General Electric on Monday announced a raft of investments worth at least $1.4 billion in Saudi Arabia as the Persian Gulf kingdom seeks to reduce its oil dependence by further opening up its economy to international businesses.
The Connecticut-based conglomerate said it was teaming up with two partners, including Saudi state-owned oil giant Aramco, to build a $400 million manufacturing facility for the energy and marine sector that is expected to create 2,000 new jobs in the kingdom.
GE also signed a memorandum of understanding to jointly invest $1 billion in several sectors such as water and aviation by 2017, alongside a Saudi entity comprising the country's biggest petrochemicals company, its public investment fund and Aramco. GE said also it would consider an additional $2 billion worth of investments in the same sectors after 2017.
"The joint investment and collaboration will be a game changer for the kingdom's industrial and digital sectors," said GE Chief Executive Jeffrey Immelt, who was meeting with ministers and business leaders in the coastal city of Jeddah on Monday.
GE's investments are being made at a time when the Saudi government is trying to completely overhaul the country's oil-dependent economy following the collapse in crude prices. Saudi's economy is still defined by a bloated public sector and predominantly fueled by oil revenues.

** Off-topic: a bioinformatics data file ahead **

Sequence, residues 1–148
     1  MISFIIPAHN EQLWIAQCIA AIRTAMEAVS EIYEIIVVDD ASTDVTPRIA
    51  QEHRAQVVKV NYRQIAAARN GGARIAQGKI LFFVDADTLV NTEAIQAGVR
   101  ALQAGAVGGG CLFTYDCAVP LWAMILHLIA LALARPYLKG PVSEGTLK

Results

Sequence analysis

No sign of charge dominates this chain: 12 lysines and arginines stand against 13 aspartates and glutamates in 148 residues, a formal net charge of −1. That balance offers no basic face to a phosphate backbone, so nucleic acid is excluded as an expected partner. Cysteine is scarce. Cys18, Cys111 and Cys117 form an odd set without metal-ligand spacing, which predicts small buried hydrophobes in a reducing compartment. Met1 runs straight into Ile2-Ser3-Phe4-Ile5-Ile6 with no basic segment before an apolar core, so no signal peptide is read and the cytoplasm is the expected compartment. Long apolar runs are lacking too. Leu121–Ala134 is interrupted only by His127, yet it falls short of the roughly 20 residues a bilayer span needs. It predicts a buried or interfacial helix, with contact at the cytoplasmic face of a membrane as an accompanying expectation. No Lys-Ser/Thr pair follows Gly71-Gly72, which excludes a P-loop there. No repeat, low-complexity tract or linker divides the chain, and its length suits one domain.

As part of the new economic strategy, Saudi Arabia is trying to attract more international investors and their know-how to help create jobs for its growing population while also trying to boost sectors that don't rely on the country's oil wealth. It also envisages a greater role for the private sector to provide jobs for Saudi citizens.
"This strategic alliance with GE is an ideal fit to deliver on these goals, and together we will contribute to the long-term economic competitiveness and diversified growth of the Saudi economy," said Abdullatif Al-Othman, chairman of SAIIC, the entity with which GE is planning the investments.
GE already employs around 2000 people in Saudi Arabia as it has three offices and seven facilities there. The company also has the world's largest gas turbine service facility in Dammam. It was opened in 2011.
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